Allan's 'Human Rights - Can we afford to leave them to Judges?'

A Summary.

Article can be found on pp. 59-69 of the Learning Guide.

The power of the judiciary has increased markedly across the common law world. And much, thought not all, of that increase is directly related to the effects of bills of rights. By articulating rights in amorphous, indeterminate but also emotively attractive terms, these instruments finesse disagreement by abdicating it to an unelected judiciary. This though is not the only way, or indeed the best way, of dealing with rights. One can prefer to leave the articulation of rights to the elected legislature via more detailed and specific statutes. This preference in no way amounts to a view that rights cannot be afforded, rather it amounts to thinking that what we cannot afford is leaving rights to unelected judges.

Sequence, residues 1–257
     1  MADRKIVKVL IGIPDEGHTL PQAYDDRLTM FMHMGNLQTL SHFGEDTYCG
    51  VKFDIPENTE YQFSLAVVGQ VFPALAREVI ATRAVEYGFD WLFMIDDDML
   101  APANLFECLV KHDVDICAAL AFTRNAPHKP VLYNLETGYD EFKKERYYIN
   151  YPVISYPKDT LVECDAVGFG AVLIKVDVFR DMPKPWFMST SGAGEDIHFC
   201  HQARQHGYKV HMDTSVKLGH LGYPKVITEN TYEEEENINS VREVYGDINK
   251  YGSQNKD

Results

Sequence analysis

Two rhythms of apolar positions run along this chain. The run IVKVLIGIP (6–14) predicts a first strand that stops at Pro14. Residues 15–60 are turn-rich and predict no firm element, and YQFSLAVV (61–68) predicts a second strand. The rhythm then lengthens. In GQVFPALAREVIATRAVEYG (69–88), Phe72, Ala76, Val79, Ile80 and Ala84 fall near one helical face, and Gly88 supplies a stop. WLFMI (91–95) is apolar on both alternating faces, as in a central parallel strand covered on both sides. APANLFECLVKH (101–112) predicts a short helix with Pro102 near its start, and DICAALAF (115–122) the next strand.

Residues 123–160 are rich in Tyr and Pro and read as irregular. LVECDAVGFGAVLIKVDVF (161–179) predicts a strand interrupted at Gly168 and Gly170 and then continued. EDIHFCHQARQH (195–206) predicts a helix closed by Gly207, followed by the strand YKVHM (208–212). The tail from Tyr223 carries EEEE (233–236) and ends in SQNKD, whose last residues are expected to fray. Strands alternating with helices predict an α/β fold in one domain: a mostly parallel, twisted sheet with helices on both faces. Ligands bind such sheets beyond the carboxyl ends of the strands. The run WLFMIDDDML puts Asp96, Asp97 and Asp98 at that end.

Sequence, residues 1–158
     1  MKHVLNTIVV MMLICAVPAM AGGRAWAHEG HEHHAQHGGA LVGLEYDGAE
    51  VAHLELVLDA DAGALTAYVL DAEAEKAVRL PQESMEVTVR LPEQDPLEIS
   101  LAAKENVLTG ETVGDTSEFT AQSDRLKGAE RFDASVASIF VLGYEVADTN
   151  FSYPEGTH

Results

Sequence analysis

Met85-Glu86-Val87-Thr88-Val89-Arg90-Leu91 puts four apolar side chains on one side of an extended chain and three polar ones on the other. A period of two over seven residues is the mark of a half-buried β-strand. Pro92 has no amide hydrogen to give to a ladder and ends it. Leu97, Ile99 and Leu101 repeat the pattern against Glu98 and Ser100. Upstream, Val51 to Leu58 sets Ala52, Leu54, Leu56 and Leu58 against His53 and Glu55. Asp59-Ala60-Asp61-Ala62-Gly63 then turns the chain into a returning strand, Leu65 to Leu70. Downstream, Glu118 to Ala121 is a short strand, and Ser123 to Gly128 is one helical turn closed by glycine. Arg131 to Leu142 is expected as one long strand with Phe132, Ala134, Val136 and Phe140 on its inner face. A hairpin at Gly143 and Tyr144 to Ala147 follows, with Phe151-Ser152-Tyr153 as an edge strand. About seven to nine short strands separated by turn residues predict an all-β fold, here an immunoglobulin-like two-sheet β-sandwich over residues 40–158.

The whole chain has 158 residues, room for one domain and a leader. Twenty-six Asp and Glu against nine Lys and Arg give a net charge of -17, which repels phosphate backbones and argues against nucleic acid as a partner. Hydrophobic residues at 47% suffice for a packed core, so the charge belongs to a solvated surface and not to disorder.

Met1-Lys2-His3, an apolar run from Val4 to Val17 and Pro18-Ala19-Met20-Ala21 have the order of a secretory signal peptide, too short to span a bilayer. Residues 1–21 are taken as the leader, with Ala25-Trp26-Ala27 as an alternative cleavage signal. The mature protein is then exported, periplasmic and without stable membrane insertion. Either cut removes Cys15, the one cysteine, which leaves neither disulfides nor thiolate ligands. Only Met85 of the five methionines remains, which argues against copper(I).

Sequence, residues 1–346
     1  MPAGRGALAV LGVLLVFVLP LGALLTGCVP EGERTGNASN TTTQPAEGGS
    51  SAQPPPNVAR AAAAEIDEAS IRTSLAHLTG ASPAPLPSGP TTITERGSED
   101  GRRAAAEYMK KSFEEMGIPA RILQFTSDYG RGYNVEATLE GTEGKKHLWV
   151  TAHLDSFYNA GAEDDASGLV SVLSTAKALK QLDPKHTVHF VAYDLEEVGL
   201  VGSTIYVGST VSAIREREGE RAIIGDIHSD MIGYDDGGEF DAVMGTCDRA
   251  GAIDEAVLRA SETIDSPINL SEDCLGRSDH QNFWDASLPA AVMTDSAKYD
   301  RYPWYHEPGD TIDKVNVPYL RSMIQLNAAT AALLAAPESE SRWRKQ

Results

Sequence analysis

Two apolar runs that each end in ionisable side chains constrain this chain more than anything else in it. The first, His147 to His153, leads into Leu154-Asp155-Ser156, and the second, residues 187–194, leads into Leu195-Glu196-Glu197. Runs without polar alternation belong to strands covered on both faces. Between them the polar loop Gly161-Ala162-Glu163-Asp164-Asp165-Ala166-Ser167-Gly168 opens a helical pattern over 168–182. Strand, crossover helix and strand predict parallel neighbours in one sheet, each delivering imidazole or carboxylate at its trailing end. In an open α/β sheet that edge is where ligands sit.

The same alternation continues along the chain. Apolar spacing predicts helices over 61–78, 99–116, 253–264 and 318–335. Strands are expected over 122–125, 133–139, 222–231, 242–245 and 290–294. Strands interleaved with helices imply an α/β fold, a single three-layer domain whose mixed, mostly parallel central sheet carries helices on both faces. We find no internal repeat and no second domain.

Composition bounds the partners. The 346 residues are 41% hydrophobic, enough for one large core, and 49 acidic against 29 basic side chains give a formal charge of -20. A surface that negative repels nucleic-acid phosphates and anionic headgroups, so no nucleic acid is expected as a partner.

The attraction that a bill of rights may be some ultimate saviour in providing a remedy to breaches of rights can be strong enough to push from view the fact these instruments elevate the importance of judges and lawyer by letting them decide, argue about and critique where to draw fundamental social policy lines over tough moral choices. It drives resolution of important social issues from the political arena into the courts and gives these judges and lawyers a say that non-lawyers are denied.